- New deep learning based system can show individuals mirroring the moves of their favorite dance stars.
- The algorithm doesn’t require any expensive 3D or motion capture data to generate high-quality videos.
Artificial Intelligence (AI) is changing everything: from the way we interact with electronic devices to the space exploration. It has become an essential part of the technology industries and there is no going back.
Recently, researches at the University of California presented a deep learning based algorithm that can transfer motions of a person dancing from one video to another, making any target (amateur) look like a professional dancer.
The algorithm follows a simple approach: ‘do as I do’. It takes a few minutes to transfer motions to the target subject performing standard moves. So get excited because now you can turn yourself into a world-class ballerina or a pop star like Michael Jackson.
How Does It Work?
To perform frame-by-frame motion transfer between 2 video subjects, developers mapped pictures of the 2 individuals (source and target). They found that keypoint-based pose — encodes body position without capturing appearance — can be used as an intermediate representation between these 2 subjects.
Therefore, they designed the intermediate representation that looks like pose stick figures. Then, they obtained pose sticks of each frame for the target video, using a supervised algorithm.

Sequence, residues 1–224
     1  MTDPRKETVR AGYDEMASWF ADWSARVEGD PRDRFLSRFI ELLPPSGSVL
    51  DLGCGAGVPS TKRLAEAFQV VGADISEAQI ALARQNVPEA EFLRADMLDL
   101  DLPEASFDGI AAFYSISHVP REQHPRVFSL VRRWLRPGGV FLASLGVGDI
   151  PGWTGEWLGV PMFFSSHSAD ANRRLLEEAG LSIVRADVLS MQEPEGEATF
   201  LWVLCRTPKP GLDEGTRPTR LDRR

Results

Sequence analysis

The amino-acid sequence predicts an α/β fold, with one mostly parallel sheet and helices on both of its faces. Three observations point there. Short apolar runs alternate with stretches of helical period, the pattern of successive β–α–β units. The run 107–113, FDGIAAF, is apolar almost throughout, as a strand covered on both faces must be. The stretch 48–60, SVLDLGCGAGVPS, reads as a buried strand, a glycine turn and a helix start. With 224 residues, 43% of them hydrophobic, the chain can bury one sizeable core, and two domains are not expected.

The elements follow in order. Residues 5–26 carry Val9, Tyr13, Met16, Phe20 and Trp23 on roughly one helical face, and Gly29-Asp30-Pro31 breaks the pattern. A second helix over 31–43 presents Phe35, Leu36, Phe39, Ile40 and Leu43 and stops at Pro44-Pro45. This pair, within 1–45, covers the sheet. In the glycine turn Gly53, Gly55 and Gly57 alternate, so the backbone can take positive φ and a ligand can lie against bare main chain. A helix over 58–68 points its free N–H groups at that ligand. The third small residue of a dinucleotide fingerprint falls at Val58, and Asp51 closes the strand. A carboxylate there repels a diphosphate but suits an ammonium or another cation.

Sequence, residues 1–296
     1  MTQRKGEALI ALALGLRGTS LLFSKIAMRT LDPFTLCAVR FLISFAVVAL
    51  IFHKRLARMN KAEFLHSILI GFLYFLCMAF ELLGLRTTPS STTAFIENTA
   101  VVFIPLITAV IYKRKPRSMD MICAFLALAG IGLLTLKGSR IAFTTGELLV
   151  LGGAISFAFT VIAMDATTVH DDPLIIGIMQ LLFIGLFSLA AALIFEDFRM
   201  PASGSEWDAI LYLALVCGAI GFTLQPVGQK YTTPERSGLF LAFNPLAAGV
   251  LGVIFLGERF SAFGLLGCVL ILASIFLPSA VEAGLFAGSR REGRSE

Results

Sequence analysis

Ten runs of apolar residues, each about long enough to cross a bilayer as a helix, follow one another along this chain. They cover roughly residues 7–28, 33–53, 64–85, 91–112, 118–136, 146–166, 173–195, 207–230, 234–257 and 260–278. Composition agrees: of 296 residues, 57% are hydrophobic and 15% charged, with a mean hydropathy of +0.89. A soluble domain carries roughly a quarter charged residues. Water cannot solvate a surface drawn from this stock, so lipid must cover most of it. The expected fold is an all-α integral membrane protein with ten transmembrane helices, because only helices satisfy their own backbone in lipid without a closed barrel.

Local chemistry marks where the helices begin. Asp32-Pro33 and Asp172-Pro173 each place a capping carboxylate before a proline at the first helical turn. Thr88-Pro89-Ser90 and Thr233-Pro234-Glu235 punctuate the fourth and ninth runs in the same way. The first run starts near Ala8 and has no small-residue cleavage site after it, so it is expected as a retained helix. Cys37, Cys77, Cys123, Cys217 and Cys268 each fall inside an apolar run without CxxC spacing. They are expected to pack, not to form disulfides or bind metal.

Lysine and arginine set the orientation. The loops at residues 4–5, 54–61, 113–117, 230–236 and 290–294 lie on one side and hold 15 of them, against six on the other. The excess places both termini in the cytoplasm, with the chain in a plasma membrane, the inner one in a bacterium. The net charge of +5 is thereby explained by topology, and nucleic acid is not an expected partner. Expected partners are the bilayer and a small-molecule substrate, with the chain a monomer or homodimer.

To transfer motion from source to target, they fed pose stick figures to the trained model. This gave them target pictures in the same pose as the source. They further merged these 2 modules to enhance the result quality.
Overall, the task is divided into three stages:
- Pose detection
- Global pose normalization
- Mapping pose stick figures to the target
To obtain temporally smooth results, they combined the data of the current frame’s pose stick figure with the previously synthesized frame. This allowed them to significantly reduced jittering in outputs. For lower frame-rate videos, they performed median smoothing, whereas, for higher frame-rate videos (120 fps), they used Gaussian smoothing of the key points over time,
Moreover, for approximating generative models or producing high-quality images with sharp details, Generative Adversarial Networks have been added.
The conditional generative adversarial networks are trained on videos of amateur dancers performing a variety of poses captured at 120fps. Each subject contributed at least 20 minutes of video.
Developers used NVIDIA GeForce GTX 1080 Ti and TITAN Xp GPUs with PyTorch accelerated by CUDA deep learning framework for both inference and training. The image translation algorithm is based on the pix2pixHD architecture designed by NVIDIA.
The algorithm is capable of generating videos where motions are transferred between a wide range of video subjects, without requiring any expensive 3D or motion capture data.
However, the system isn’t perfect yet. Although it’s integrated with temporal coherence and pre-smoothing key points, the outcomes often suffer from jittering. Errors mostly arise in the cases when the speed of motion doesn’t match the movements observed at training time.
To eliminate these issues, researchers are currently working on different pose estimation techniques that are well-optimized for motion transfer.